It may have taken 15 years, but Canada's highest honour for military valour is now officially made in Canada.
Governor-General Michaëlle Jean and Prime Minister Stephen Harper yesterday unveiled for the first time the Canadian Victoria Cross. The decoration takes its place atop the Canadian military honours system, replacing the highest honour available to soldiers of the British Commonwealth.
Canada assumed responsibility for the Victoria Cross in 1993, but it was only yesterday that the Canadian version of the medal was officially unveiled, the result of countless hours of work by myriad engineers, engravers and government departments.
"It was important to us that we create a design that would honour tradition and that we produce the Canadian Victoria Cross right here in Canada," Ms. Jean said in a speech at Rideau Hall.
The Canadian Victoria Cross bears many similarities to its Commonwealth counterpart - a medal created after the Crimean War in the 1850s - but is also steeped in uniquely Canadian symbolism.
All Commonwealth Victoria Crosses are believed to include metal from a cannon used in the Crimean War. Canadian crosses will also be made of metal from the cannon, but will include metal from one of Canada's Confederation Medals, produced in 1867, as well as copper and other metals from all regions of the country.
The hallmarks of the original cross - a lion and the royal crown - are still there in the Canadian version. Perhaps the most significant change is in the small inscription. The British version contains the words "For Valour." The Canadian cross uses the Latin "Pro Valore," a nod to Canada's bilingualism.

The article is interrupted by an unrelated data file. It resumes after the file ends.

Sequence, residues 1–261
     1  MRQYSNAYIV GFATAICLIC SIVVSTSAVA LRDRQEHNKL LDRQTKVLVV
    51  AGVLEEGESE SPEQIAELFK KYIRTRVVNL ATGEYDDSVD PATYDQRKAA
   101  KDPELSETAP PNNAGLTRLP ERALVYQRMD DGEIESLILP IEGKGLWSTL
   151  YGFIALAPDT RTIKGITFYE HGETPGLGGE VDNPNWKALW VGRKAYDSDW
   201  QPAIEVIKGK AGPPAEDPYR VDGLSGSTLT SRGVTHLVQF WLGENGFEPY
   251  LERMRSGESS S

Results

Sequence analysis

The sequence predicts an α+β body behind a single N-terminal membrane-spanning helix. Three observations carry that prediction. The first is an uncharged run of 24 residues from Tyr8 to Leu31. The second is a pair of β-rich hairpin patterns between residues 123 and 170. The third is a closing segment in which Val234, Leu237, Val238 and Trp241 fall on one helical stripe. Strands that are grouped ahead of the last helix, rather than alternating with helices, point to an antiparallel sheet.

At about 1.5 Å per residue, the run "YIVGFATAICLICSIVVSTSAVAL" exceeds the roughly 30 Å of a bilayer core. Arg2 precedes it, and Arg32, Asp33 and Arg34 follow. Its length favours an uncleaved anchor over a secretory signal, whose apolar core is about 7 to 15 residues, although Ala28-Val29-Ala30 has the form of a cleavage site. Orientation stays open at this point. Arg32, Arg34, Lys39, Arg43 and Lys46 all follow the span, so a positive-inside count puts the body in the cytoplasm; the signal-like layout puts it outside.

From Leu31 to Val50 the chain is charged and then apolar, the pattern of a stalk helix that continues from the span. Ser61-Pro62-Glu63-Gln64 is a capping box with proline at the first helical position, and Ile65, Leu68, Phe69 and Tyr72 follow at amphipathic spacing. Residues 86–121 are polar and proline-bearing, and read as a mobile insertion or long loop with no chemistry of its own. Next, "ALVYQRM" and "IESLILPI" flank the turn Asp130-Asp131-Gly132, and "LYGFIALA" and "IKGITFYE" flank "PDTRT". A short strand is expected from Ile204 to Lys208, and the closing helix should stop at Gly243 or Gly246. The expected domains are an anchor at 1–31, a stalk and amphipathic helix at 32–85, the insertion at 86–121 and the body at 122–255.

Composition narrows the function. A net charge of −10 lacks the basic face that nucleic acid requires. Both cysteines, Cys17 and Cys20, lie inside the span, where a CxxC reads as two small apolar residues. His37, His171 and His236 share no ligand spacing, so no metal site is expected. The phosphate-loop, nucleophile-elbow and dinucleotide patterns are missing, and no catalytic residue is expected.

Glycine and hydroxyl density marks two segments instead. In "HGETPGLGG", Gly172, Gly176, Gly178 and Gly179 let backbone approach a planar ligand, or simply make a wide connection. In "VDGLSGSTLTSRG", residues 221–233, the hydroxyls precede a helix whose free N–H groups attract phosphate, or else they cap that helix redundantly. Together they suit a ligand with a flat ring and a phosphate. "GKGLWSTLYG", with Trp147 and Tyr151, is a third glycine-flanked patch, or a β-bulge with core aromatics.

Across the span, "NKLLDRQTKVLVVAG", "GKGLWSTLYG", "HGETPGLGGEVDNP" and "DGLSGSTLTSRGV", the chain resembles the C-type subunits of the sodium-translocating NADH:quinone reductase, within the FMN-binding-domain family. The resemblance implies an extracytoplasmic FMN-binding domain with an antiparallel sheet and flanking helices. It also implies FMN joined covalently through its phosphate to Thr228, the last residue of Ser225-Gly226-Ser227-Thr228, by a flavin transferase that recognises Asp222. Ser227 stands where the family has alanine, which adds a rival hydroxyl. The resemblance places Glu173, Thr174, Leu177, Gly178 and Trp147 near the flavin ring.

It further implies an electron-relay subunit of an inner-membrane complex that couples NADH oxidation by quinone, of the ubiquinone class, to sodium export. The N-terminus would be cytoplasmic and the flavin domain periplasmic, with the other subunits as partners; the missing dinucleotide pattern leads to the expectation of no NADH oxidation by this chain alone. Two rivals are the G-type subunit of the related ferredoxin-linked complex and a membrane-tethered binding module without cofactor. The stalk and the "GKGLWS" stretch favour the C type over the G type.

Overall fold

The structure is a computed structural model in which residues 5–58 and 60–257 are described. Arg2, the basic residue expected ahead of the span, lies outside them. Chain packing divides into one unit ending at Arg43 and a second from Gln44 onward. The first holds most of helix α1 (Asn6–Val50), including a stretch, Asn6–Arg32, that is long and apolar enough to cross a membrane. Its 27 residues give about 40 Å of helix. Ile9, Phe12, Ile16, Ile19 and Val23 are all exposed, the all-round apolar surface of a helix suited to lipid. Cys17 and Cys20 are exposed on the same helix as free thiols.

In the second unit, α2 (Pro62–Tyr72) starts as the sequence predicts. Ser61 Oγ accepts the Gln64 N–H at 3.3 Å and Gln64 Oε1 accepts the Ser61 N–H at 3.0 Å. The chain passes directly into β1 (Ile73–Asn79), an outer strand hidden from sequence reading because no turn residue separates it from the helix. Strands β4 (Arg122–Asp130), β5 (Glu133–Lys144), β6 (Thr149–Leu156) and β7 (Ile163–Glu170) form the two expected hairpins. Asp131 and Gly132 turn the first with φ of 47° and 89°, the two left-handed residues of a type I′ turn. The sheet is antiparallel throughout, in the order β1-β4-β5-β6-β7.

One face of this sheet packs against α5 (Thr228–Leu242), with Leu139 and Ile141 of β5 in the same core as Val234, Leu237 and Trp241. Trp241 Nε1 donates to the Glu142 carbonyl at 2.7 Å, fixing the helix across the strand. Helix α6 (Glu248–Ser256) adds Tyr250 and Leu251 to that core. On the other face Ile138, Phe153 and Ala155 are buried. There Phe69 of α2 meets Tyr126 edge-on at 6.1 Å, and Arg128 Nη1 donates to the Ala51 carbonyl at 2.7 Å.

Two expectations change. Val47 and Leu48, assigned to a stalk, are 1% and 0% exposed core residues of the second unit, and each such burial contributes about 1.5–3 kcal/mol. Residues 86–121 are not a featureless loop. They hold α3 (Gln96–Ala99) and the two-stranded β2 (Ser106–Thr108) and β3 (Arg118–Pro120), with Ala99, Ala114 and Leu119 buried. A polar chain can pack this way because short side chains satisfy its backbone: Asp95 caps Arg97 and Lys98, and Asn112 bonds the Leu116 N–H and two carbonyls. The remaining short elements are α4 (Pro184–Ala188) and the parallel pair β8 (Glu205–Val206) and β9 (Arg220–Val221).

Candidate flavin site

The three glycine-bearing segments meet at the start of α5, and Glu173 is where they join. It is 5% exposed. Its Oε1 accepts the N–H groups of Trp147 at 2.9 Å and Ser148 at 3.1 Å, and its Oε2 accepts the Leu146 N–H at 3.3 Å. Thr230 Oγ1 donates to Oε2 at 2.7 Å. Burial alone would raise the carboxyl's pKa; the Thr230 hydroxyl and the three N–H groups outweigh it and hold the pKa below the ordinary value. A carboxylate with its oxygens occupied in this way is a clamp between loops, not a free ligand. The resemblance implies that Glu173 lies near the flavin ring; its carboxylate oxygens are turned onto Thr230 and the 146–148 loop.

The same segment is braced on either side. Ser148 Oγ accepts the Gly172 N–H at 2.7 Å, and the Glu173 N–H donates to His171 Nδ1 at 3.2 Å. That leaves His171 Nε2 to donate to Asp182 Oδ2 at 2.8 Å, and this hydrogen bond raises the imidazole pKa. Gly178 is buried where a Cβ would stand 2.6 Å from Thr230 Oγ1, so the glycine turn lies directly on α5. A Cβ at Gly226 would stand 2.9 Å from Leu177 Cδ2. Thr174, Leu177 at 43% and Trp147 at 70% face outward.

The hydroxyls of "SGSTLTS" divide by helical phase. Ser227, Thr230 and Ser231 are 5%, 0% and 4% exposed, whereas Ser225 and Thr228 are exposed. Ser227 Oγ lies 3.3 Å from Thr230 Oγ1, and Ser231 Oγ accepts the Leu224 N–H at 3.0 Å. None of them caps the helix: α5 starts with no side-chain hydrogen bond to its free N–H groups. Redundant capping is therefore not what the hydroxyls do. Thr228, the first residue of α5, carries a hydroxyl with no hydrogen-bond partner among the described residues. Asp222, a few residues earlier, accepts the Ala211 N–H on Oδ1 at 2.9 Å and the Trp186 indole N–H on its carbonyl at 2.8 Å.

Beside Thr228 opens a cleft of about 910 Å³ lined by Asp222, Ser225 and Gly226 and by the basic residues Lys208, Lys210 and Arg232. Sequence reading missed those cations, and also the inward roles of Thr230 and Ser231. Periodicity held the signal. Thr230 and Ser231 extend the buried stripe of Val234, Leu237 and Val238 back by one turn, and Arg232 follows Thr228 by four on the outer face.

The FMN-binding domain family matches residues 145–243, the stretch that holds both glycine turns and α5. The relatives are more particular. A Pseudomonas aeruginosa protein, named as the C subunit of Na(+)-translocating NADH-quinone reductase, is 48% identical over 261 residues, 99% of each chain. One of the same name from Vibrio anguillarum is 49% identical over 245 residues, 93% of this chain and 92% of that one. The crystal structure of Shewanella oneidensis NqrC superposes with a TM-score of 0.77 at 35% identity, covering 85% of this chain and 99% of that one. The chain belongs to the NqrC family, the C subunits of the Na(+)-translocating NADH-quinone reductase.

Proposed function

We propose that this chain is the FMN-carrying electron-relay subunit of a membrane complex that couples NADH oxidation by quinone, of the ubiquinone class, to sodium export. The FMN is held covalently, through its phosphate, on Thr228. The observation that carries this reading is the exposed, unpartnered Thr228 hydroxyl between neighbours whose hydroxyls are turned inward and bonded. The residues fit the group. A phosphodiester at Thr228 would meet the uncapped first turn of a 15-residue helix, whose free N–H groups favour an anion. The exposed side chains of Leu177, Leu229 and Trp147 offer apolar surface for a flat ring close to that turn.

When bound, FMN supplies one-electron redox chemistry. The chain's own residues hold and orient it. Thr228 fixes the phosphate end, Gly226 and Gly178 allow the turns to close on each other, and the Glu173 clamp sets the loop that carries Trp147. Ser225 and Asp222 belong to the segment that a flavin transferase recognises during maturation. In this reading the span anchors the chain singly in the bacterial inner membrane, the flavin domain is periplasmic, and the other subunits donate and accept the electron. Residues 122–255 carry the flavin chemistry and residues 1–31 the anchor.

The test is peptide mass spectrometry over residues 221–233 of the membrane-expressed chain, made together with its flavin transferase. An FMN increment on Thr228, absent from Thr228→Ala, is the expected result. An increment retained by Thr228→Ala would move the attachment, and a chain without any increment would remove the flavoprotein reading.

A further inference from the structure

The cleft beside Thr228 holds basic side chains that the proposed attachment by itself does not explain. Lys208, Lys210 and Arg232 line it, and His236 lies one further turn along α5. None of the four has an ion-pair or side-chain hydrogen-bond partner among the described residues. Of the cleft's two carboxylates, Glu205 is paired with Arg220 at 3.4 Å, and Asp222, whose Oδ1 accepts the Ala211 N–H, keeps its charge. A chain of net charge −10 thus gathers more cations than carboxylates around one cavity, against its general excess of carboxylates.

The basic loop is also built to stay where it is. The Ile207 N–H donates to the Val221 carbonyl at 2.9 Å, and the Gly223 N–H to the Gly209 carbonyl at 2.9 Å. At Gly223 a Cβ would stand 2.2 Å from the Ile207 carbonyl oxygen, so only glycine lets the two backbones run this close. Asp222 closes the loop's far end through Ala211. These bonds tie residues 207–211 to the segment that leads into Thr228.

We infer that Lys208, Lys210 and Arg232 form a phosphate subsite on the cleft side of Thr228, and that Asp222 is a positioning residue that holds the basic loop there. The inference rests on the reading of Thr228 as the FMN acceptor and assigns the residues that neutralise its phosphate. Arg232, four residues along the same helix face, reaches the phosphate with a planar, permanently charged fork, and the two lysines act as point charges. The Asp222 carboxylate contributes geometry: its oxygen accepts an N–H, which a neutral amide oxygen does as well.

The move to create a Canadian version came after much debate in the 1980s and '90s as to whether a British medal should be at the top of the Canadian military honours system. The Victoria Cross is awarded for "the most conspicuous bravery, a daring or pre-eminent act of valour or self-sacrifice or extreme devotion to duty, in the presence of the enemy."
Very few Canadians have ever earned the right to use the post-nominal letters V.C. Since 1856, only 81 members of the Canadian military have won the Victoria Cross. In total, only 1,353 crosses have been issued.
Canada's last surviving winner of the Victoria Cross, Ernest (Smokey) Smith, died in 2005 at 91. Mr. Smith was awarded the cross for fighting off German tanks and troops in Italy in October of 1944.
Despite being Canada's highest honour for heroism, the Victoria Cross is easy to miss. It is a small, understated medal that Mr. Harper said reflects the humble dignity of the men and women serving in the Canadian Forces.
"Some day, somewhere, one of those men or women will do something so brave, so gallant, so exceptional, that we will hear about it," he said. "And he or she will join the legendary cadre of the Canadian Forces who wear the pride of a nation on their chests."